Evaluating Agency Fee Schedules



**Please skip to the revised version of this blog post which has information from twice as many agencies.**

Although I have already written about evaluating the amount of fees a potential agency charges, I have recently run into a few situations that made me think I should take a closer look at the aspect of *when* the fees are charged. Here some situations I have discussed with people within the past few weeks:

  • A family which had paid all of the agency fees before their homestudy was completed. The agency was barred from international adoptions and the family has lost the money they paid.
  • A family which applied to a particular agency because the agency was going to receive the file of a child they wanted to adopt. The agency was upfront about the fact that the family was not guaranteed to receive the child’s file. Another family ended up with that child’s referral, but because the first family had already paid several thousand dollars in fees, they ended up staying with the agency.
  • A family which used the same agency they had used for previous adoptions. This agency requires several thousand dollars upfront. After realizing that wait times for matching had increased significantly since their previous adoptions, the family would have preferred to switch agencies but now felt tied to the agency because of financial commitment.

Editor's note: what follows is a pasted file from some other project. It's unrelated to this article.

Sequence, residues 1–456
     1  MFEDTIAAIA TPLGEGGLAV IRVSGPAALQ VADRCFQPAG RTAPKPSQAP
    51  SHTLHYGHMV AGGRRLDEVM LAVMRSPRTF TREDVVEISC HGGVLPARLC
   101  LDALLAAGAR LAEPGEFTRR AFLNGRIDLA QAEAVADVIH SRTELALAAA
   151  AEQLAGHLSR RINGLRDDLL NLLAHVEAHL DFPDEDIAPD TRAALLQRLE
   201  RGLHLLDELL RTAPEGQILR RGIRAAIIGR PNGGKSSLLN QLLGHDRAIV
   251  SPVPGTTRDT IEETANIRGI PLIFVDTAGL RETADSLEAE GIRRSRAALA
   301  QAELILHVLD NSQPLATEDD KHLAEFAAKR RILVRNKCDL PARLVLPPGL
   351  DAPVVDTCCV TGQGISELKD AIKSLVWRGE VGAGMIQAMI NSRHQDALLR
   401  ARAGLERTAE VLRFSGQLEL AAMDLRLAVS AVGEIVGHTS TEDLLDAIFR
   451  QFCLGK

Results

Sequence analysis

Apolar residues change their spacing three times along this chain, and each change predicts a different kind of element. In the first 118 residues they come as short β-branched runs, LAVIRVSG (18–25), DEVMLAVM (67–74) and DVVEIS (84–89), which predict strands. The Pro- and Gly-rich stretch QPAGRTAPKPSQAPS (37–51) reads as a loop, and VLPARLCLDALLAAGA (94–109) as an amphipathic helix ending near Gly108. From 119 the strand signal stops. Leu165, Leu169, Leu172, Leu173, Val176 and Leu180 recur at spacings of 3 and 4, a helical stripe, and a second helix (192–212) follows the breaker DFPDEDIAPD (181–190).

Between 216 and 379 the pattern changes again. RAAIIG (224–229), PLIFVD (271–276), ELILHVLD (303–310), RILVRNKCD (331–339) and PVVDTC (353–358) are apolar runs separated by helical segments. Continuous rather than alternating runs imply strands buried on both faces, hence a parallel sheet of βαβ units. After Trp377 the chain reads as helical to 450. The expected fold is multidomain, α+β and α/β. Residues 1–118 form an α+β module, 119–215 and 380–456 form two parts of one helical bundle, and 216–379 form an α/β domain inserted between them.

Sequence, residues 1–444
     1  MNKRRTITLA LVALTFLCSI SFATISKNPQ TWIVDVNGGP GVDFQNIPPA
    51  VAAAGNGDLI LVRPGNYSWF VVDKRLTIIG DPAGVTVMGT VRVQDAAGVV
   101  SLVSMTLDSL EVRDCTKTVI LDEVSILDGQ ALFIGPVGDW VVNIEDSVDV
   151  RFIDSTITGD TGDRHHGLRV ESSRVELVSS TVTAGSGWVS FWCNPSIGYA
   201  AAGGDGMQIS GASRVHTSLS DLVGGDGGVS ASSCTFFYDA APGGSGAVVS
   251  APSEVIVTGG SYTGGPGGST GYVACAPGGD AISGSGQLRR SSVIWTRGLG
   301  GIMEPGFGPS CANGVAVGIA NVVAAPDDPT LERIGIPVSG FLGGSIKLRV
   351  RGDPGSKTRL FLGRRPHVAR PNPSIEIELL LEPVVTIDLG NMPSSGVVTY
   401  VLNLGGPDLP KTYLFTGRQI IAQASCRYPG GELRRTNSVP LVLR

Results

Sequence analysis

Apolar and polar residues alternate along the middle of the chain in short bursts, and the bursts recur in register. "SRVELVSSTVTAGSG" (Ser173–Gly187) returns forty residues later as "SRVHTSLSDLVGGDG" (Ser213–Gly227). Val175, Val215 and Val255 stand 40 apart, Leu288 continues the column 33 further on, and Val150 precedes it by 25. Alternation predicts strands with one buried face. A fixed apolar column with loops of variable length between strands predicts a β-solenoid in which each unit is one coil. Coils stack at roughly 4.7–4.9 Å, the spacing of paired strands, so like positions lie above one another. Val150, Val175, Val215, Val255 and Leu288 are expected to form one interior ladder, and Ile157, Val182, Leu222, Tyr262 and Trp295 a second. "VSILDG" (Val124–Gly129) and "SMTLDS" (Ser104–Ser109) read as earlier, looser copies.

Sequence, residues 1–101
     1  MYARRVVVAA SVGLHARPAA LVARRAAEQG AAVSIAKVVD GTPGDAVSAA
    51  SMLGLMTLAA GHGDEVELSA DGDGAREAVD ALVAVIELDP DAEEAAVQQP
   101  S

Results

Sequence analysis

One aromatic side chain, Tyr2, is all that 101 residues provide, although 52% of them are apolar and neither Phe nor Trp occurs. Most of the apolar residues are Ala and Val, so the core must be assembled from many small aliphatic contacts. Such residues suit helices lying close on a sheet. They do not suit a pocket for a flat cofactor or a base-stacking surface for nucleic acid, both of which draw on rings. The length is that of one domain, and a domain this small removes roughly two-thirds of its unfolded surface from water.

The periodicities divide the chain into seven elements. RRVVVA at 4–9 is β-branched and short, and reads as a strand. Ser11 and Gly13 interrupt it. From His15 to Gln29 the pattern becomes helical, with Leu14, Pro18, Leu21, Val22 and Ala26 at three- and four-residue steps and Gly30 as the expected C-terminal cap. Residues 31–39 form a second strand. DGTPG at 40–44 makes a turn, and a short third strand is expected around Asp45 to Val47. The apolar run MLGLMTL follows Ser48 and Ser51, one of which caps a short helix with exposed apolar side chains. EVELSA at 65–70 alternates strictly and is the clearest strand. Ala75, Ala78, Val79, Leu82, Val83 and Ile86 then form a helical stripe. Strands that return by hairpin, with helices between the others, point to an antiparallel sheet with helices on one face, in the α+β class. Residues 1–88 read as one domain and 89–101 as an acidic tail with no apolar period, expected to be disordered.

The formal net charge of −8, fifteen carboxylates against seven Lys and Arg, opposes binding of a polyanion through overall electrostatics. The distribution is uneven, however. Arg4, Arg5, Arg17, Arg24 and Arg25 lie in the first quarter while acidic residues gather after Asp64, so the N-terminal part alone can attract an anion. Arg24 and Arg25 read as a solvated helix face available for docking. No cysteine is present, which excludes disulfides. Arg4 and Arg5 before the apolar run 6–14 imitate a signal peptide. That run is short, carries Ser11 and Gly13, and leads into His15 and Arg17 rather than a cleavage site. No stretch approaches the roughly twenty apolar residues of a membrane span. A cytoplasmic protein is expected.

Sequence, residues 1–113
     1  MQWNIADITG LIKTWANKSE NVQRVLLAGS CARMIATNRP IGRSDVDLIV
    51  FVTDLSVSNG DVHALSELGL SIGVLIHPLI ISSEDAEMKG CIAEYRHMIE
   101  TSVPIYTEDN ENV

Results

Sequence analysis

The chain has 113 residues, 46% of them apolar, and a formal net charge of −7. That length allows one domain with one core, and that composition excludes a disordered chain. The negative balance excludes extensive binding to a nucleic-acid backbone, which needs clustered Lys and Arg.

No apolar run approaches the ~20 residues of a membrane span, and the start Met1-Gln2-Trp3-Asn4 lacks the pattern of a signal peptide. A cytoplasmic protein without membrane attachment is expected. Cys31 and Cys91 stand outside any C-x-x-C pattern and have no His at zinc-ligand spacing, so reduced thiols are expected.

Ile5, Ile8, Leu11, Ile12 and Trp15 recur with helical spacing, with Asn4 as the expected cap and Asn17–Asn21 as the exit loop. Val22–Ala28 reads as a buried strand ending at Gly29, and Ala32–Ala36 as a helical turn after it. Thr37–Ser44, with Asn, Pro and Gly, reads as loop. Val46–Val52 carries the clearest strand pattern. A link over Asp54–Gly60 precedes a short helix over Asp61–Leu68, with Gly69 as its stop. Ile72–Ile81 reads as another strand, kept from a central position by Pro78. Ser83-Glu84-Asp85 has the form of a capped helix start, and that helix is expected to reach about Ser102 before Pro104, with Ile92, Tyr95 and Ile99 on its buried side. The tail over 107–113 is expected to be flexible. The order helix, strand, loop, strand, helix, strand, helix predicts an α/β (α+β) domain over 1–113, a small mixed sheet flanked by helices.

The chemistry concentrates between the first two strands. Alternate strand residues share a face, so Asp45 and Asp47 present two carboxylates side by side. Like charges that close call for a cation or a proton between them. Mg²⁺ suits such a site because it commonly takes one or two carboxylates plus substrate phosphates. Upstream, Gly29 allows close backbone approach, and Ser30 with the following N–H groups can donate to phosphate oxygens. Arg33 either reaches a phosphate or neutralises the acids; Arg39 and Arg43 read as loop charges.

• A family found a child profile they were interested in on the “shared list” section of an agency advocacy site. The agency informed them that if they applied to the agency, they would help them find the file. The file was with another agency which refused to transfer, but now that the family had committed to the first agency by paying fees they didn’t have the freedom to switch to the agency which actually held the file.

The common theme here is that adoption is expensive. Families are prepared to pay the cost of the adoption, but they usually don’t have the funds to lose $3000-$6000 if they start over with another agency. The timing of WHEN you pay the fees can give you flexibility if the first agency you work with does not turn out to be the best fit for whatever reason. I looked up the fee schedules (or tried to) for 16 different adoption agencies with China programs. Let’s look at what I learned so you can make an informed decision when choosing an agency.

IMG_0179Fee Schedules– When I gave agency red flags, not posting a fee schedule on the agency website was one of the items I listed. It was no surprise to me that 3 agencies I consider unethical did not have fee schedules listed on their websites. Two additional agencies only gave a general estimate for the costs of the China program without listing individual fees. The other 11 agencies had at least a general breakdown of fees and when to expect to pay them. I’m sticking with my suggestion that if you don’t find a fee schedule on an agency website, don’t use them.

Application fees– Application fees ranged from $200 to $800. Application fees are not refundable. If you are considering an agency because of a waiting child, very few agencies will require an application fee to view a file. Most agencies can and will locate specific files for you free of charge because they hope to gain you as a client.

Homestudy– It came as a surprise to me to find that some agencies are expecting fee payment before the homestudy is complete. Remember that the purpose of a homestudy is to determine that you are eligible to adopt. Certainly most families pass the homestudy, but I would be hesitant to work with an agency which expects payment before you have been determined eligible to adopt.